As a dude and an Orthodox Jew who grew up in the city and lives in Teaneck perhaps I had more to share with the author and hence like it more. I thought the commentary on the trivia of some people’s theology was biting - the thought that eating a hot dog would affect the playoffs as a metaphor - funny. Emily, it was okay to refer to “this guy.” No offense was taken. But sweet of you to change it.

I just gotta say, Nancy Franklin is one of the best things about the New Yorker. She makes me laugh, and I don’t even watch television (unless you count the NFL on mute). And let’s face it, take out the cartoons and there is very little humor in the New Yorker. Is there a more outraged human on the staff (or on the planet) than Hendrik Hertzberg? Nick Paumgarten is okay, and the occassional John McPhee is what keeps my subscription current, but most other staff writers seem to have a serious case of existensial angst, and proud of it.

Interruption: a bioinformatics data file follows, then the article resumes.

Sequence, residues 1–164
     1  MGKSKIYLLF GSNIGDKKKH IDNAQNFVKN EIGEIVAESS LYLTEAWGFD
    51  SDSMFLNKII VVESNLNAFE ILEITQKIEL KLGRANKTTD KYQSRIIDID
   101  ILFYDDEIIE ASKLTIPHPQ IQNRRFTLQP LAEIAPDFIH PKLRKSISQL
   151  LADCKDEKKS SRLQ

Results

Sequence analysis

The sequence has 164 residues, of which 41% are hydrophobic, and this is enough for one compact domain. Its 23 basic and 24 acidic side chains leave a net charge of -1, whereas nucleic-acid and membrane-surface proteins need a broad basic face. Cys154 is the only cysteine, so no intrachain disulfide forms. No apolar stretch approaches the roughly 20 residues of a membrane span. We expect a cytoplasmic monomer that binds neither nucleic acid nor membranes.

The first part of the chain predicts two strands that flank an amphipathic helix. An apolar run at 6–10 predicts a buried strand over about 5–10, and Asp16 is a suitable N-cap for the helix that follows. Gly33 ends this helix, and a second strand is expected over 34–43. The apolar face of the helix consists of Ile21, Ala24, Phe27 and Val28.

Which is all fine and good, but can’t we have at least one lighthearted soul at the back of the rag?

Brian Carlos Allison January 12, 2007

I primarily appreciated Katherine Boo’s piece on the Denver public school system because it inrtroduced me to a remarkable young lady (Julissa Torrez) and an honest young man (Norberto Felix-Cruz).

For me, the value of any story is more about people than policy (or politics).

I think Katherine’s terrific for that reason.

After murder
everything feels absurder

- Julissa Torrez

“Then snacks, and a fitful nap.”

Brilliant. Too much nostalgia gets to me, too, but I thought Auslander was a sharp kick in the pants of anyone staring too longly backwards.

Whoa, that metaphor had a life of it’s own. Sorry about that.

Isn’t Katherine Boo working on a book? I certainly hope so.